Montana Sunlight (Whitehall, Mont.) 1902-1911, September 12, 1902, Image 3

What is this?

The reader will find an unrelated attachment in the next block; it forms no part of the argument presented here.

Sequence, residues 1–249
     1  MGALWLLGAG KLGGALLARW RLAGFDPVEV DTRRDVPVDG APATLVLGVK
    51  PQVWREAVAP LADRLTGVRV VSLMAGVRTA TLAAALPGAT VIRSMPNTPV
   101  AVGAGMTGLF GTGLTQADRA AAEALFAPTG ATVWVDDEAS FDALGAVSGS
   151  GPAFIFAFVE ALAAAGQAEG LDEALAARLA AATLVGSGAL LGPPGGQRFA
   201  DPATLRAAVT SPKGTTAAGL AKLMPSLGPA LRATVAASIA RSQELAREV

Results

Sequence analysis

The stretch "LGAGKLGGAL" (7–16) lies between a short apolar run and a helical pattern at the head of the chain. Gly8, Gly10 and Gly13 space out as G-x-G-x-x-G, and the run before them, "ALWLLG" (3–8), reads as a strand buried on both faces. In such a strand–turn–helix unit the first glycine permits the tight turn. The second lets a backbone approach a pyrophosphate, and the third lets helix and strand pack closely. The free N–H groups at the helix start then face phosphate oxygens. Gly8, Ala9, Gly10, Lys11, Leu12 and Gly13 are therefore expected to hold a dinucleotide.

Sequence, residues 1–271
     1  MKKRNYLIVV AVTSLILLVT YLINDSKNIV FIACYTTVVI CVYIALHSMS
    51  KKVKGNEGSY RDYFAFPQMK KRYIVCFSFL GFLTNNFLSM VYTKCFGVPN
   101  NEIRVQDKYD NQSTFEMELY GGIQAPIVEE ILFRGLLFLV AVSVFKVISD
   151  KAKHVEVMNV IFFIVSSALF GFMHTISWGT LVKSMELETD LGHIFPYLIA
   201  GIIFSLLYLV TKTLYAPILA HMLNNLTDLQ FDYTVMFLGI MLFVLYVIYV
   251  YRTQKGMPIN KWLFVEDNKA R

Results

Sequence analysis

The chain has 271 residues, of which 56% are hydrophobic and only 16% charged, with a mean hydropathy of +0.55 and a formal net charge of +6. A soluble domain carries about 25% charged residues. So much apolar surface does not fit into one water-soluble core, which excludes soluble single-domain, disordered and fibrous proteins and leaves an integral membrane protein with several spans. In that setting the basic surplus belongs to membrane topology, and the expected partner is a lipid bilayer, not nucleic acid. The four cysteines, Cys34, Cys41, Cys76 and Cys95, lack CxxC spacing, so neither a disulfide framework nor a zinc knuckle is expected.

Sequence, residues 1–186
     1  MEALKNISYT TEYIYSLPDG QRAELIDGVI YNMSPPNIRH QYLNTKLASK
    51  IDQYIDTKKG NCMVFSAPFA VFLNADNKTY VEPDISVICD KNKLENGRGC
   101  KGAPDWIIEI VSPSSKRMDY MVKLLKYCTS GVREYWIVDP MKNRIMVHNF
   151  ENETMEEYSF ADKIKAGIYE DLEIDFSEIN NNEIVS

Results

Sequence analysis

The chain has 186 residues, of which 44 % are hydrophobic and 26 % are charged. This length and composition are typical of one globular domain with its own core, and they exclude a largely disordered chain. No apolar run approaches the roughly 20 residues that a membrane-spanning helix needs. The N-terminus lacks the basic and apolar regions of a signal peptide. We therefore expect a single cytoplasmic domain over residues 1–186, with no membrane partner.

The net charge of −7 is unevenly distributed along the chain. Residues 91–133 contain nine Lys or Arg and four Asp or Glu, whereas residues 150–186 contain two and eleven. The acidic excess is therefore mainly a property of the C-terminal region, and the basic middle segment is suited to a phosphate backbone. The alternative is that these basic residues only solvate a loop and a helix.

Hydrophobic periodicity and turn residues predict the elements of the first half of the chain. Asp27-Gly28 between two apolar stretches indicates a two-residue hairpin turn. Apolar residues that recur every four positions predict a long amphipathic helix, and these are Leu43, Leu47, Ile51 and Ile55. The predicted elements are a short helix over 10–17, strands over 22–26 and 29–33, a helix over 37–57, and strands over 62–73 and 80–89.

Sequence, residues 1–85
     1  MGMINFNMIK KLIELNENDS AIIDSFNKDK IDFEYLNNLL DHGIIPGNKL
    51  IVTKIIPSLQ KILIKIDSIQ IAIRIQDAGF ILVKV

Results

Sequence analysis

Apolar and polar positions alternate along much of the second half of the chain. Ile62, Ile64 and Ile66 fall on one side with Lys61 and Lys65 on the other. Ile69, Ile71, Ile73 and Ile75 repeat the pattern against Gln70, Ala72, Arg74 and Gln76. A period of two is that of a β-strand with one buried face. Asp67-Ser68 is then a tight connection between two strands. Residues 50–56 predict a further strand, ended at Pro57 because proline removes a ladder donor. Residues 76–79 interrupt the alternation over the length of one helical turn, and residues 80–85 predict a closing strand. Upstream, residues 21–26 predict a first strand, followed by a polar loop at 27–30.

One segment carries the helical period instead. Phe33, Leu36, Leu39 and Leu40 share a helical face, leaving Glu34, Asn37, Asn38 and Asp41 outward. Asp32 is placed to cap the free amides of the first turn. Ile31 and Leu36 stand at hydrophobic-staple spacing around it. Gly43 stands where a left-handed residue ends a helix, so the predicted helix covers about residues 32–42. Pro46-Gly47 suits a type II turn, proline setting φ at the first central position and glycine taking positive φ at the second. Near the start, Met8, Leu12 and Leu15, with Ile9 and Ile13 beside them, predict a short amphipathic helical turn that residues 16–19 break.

Optical character recognition (OCR) is an automated process that converts a digital image containing numbers and letters into computer-readable numbers and letters. The search engine used on this web site searches OCR-generated text for the word or phrase you are looking for. Please note that OCR is not 100 percent accurate. If the original image is blurry, has extraneous marks, or contains ornate font styles or very small text, the OCR process will produce nonsense characters, extraneous spaces, and other errors, such as those you may see on this page. In addition, the OCR process cannot interpret images and may ignore them or render them as strings of nonsense characters. Despite these drawbacks, OCR remains a powerful tool for making newspaper pages accessible by searching.